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About this product
- DescriptionIn Don't Call It Sprawl, the current policy debate over urban sprawl is put into a broader analytical and historical context. The book informs people about the causes and implications of the changing metropolitan structure rather than trying to persuade them to adopt a panacea to all perceived problems. Bogart explains modern ecomic ideas about the structure of metropolitan areas to people interested in understanding and influencing the pattern of growth in their city. Much of the debate about sprawl has been driven by a fundamental lack of understanding of the structure, functioning, and evolution of modern metropolitan areas. The book analyzes ways in which suburbs and cities (trading places) trade goods and services with each other. This approach helps us better understand commuting decisions, housing location, business location, and the impact of public policy in such areas as downtown redevelopment and public school reform.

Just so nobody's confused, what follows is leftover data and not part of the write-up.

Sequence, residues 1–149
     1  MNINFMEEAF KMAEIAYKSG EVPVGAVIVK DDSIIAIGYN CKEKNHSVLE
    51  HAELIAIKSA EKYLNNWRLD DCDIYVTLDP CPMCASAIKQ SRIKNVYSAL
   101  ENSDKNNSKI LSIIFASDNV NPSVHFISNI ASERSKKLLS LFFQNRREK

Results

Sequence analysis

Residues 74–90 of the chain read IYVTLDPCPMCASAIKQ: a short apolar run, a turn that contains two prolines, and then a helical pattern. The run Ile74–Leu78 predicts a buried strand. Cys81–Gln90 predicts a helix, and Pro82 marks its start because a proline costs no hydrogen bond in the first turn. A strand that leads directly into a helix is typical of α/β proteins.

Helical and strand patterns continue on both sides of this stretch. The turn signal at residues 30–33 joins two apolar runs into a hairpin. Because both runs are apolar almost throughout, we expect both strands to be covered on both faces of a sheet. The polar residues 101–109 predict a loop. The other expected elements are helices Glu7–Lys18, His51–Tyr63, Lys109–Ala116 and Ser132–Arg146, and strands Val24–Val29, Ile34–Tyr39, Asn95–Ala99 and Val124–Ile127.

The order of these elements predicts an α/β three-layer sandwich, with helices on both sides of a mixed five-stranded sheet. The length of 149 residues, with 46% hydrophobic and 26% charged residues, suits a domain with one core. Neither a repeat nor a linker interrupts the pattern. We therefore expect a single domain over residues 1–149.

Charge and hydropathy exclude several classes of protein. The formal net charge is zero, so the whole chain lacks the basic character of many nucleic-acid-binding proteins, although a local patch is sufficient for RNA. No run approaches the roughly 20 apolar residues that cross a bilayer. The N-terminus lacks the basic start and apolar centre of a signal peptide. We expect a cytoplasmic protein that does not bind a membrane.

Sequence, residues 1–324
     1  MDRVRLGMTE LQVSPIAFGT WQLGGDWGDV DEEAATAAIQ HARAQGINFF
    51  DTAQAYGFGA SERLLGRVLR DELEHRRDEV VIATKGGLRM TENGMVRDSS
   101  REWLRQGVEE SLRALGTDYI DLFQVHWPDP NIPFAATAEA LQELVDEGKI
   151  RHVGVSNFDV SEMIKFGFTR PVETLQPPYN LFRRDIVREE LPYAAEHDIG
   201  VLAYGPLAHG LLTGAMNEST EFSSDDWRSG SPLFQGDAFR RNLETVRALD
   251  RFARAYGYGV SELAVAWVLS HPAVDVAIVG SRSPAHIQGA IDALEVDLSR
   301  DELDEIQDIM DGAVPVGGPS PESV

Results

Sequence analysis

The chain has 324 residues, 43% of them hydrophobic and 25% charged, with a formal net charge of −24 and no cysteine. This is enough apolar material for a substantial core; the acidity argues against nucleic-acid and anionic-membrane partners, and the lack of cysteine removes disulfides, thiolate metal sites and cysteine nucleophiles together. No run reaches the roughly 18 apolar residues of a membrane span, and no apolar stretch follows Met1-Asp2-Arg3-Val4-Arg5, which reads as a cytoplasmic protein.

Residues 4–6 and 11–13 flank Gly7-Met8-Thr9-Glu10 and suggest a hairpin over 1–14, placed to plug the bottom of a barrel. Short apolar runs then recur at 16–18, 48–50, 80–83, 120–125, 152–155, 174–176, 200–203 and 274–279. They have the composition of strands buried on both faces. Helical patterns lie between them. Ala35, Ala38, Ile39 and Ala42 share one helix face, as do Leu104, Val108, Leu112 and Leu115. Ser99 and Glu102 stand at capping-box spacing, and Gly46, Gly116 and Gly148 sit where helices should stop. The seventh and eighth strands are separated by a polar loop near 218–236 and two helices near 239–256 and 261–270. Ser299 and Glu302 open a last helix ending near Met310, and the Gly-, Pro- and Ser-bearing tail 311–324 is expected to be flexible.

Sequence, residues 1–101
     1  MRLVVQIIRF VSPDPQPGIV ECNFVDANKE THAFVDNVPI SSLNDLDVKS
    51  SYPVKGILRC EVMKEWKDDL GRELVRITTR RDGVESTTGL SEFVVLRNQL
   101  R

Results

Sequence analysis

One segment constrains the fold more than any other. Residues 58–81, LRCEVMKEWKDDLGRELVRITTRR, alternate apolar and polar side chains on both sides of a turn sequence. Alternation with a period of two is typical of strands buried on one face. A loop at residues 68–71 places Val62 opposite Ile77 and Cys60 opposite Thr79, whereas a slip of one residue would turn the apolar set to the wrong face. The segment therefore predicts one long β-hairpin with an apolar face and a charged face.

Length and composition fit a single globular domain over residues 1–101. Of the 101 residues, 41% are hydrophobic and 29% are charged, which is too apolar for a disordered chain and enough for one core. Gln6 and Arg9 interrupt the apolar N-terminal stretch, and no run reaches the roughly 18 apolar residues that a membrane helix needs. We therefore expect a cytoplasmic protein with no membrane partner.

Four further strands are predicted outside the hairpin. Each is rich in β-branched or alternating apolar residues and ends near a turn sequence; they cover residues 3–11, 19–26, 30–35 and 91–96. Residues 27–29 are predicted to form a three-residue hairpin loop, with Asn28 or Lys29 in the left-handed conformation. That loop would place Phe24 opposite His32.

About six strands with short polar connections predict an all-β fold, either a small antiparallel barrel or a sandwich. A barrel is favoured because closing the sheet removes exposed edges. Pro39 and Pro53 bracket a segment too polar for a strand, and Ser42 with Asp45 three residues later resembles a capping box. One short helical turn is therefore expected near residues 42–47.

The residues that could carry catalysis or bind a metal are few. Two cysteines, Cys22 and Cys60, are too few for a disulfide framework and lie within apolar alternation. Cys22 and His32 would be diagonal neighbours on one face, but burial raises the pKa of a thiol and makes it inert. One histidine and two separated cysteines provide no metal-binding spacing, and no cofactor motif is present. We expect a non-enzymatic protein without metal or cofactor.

- Author BiographyWilliam T. (Tom) Bogart has been Dean of Academic Affairs at York College of Pennsylvania since 2002. From 1990 to 2002, he was a member of the Case Western Reserve University (CWRU) faculty in the Weatherhead School of Management. While at CWRU, he served as chair of the Department of Economics and as a research associate of the Center for Regional Economic Issues. His work was recognized with the Outstanding Dissertation Award from the National Tax Association. Previous publications include, The Economics of Cities and Suburbs (1998). He lives in York, Pennsylvania with his wife and daughter.
- Author(s)William T. Bogart
- PublisherCambridge University Press
- Date of Publication25/09/2006
- SubjectEconomics: Textbooks & Study Guides
- Place of PublicationCambridge
- Country of PublicationUnited Kingdom
- ImprintCambridge University Press
- Content Note16 tables
- Weight427 g
- Width152 mm
- Height228 mm
- Spine19 mm
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